THE EARLY YEARS
Boxing is nearly as old as human civilization, the earliest record of a prizefight can be found in Iliad, written in 1100 BC. However many of the Egyptian artefacts from 3000 BC, suggests that Boxing existed in Ethiopia as early as 6000 BC. The earlier form of boxing was totally separate from wrestling. There were no rings and no proper rules, the fighters were only supposed to fight with honor. To end a fight the fighter had to surrender or knock out the sense out of his opponent. Later on, in 688 BC Boxing as a sport emerged in Olympics, with no proper rules and weight class. Since there was no weight class the fighter with larger and stronger body would be the champion.
THE 18TH CENTURY
During 18th century Boxing found a foothold in society, and emerged as a popular sport with a few rules. These matches were close to those of practiced in Rome and Greece.
John Broughton was one of the most renowned boxers of his time, known as ‘The Father of Boxing’. Broughton was the first one to set official rules for the sports at those times. According to those rules the fighters were encouraged to wear gloves during practice fights, however bareknuckle fights were still popular among people during that period.
LONDON PRIZE RING RULES
In 1838 a set of rules were adopted for bareknuckle boxing bouts, under these rules the matches were held inside a 24feet square ring enclosed with a rope. The fighters were allowed a 30 seconds rest and an extra 8 seconds for getting back to the center of the ring. Later on the rules were modified in 1853, and under the new rules head butting, gouging and low blows were banned.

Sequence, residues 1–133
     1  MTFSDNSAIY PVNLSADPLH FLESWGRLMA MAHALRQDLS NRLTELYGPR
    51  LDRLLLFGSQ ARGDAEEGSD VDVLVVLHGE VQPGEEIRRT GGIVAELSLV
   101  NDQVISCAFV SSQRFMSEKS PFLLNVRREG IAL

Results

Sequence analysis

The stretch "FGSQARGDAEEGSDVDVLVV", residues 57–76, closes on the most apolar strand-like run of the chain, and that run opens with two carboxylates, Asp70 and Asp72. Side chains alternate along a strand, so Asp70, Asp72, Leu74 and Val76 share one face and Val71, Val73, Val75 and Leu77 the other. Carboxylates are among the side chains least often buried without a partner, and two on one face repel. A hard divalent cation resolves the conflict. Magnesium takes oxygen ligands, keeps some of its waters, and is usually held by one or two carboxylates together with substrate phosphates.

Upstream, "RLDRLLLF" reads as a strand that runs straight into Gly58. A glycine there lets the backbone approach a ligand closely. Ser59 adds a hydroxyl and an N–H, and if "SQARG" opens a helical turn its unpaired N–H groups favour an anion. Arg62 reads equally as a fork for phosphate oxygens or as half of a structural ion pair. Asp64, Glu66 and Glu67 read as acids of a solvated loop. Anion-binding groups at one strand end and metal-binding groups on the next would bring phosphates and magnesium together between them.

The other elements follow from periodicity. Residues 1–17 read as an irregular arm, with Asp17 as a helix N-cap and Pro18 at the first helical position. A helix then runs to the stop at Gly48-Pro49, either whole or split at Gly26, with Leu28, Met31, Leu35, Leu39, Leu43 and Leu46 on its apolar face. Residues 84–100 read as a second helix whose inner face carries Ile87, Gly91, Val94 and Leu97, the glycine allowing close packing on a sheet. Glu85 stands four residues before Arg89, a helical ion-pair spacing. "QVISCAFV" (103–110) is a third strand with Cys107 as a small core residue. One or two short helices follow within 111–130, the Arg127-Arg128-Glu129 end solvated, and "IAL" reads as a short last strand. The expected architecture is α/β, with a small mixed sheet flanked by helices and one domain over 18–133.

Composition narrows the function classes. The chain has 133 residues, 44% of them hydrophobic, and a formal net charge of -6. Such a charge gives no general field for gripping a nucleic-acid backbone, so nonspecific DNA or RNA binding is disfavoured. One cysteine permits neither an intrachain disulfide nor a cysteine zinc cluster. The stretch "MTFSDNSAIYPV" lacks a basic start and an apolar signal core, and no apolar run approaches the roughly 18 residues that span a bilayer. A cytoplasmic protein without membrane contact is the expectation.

MARQUIS OF QUEENSBERRY RULES
The implementation of Queensberry rules greatly influenced the modern boxing. The rules set by John Graham Chambers, were first published in 1867. These rules not only defined the size and shape of the boxing rings, it also set the time duration for each round in a bout. The length for each round and a set rest time in between the rounds were fixed. Under these new rules boxing raised as a gloved sport.
THE MODERN TIMES AMATEUR BOXING
Boxing made its way into the modern Olympics first time in 1904. Later on in 1946, the International Amateur Boxing Association was created as an international body for amateur boxing. The association held its own championship and had twelve clubs.
The modern amateur boxing bouts grew to be less violent as different rules were introduced to ensure the fighters’ safety. The fighters have to wear headgears to protect themselves, while points are awarded for landing hits to their opponents instead of knocking them out. The new regulations have made today’s amateur boxing less aggressive and less violent sport.